5) Managed funds and/or property super funds: This kind of investment is the most passive, minimal risk, and minimal personal work required. This approach relies heavily on trusting a financial institution to invest your money in property shares and portfolios, to produce financial growth for you, (Funds – REITs etc.).
Whilst the gains are nowhere near as lucrative as the wealth you could manufacture by running your own strategies; they are also less risky, cumbersome, and use minimal time.
6) Co-investment with friends/relatives: Different to group family buying, in this strategy, a partnership of two, or perhaps three/four, people band together to achieve their investment objectives. In Kenya, there are thousands of investment groups officially formed and have been investing a lot in the property market.
This strategy can be great for those on low incomes, limited resources, and those with limited time to work on a project together and see a gain. The advantages of this plan are that much less start-up capital is required to invest, plus you have a second opinion all the time, which can help protect against making poor investment decisions. Co-investors also have the benefit of being able to share skill-sets, connections/contacts, and experience, to strengthen their plans.
The challenges to this strategy include; people with differences in opinion, personality clashes, and long-term strategy shifting. Additionally, the legal complexities often make contracts/solicitors’ fees skyrocket, as all exit-scenarios need to be considered, and an iron-clad contract detailing the agreed outcome based on every possible scenario must be composed by lawyers.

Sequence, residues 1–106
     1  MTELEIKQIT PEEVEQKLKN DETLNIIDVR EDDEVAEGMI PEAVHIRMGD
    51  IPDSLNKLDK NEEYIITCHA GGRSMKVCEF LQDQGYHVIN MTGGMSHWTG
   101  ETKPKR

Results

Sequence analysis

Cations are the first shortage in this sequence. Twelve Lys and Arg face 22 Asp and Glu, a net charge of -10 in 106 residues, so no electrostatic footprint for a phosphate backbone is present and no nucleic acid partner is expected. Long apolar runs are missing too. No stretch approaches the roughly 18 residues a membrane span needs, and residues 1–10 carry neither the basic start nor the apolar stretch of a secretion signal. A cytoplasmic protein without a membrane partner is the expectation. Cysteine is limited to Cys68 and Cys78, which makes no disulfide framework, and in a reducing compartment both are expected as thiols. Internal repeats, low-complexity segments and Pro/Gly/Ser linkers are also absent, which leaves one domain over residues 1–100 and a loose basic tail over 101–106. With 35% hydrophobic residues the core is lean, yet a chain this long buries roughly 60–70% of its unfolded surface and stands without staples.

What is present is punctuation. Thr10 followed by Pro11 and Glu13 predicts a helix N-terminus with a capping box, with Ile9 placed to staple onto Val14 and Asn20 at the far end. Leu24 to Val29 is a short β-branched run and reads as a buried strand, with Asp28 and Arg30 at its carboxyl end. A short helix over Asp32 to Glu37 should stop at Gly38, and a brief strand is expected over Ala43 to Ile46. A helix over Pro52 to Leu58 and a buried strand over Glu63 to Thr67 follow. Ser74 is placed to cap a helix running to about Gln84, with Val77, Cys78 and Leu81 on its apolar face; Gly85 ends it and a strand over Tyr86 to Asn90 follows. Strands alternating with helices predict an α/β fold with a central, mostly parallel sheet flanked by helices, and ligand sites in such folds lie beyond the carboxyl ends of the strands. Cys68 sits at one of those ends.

Additional stress can ensue when family or partners are involved. Depending on the size of the group, things can get really complicated especially, if the market is not going well and hard decisions have to be made. It is very important to make sure that people with skills, experience, knowledge and market understanding are part of the group.
In several cases, groups make wrong decisions because of lack of proper infrastructure and decision procedures. It is easy to follow the rumors when the majority of the people involved in a group do not have the experience to identify and understand the market trends. This strategy can be very good as well as a very bad option as it could negatively affect not only your assets and wealth but your personal relationship with relatives and friends.
7) Full-time property development: This strategy refers to more complicated procedure such as building an entire block of units, from scratch. It probably goes without saying that this strategy is one that only those with high cash stocks are even able to contemplate. More often, mature investors who have been building portfolios over the years may build themselves up to this kind of venture.
Usually by this point, they have picked up skills, contacts, and capital, to make a larger-scale development even feasible. Despite all of this, the complexity of full property development can make fools of even the most experienced and savvy investors. Many developers make use of financing to get the required cash to proceed with the project. In any case, the risk factor is higher in this type of investment strategy.
There is no doubt that there are additional options and strategies out there that property investors are using in their property pursuits. Overall, though, one must always remember that there is no hard and fast rule or strategy to property investment. Remember that property is a medium to long term investment.
Choose one of the above options or form your own strategy that mixes several of them. Be flexible and on top of the market trends. Although real estate is not a short term investment, sometimes, it requires very quick decisions to avoid or minimize possible losses.
Regardless, it is important to consider all options available to you when starting out. Defining your objectives and desired outcomes will determine the best strategy for you. I always have to remind you that any type of investment is like a coin. It always has at least to faces. The one that everybody loves, full of profits and prosperity and the other one that people hate, the losses and disappointments.
Investing your family’s future in any type of investment is a very serious decision as risk will always be there. Be careful and sure to choose the right type of investment for you. If you do not feel 100% ready for it, just skip it.
REValuer by Tegova
Civil Engineer Msc/DBM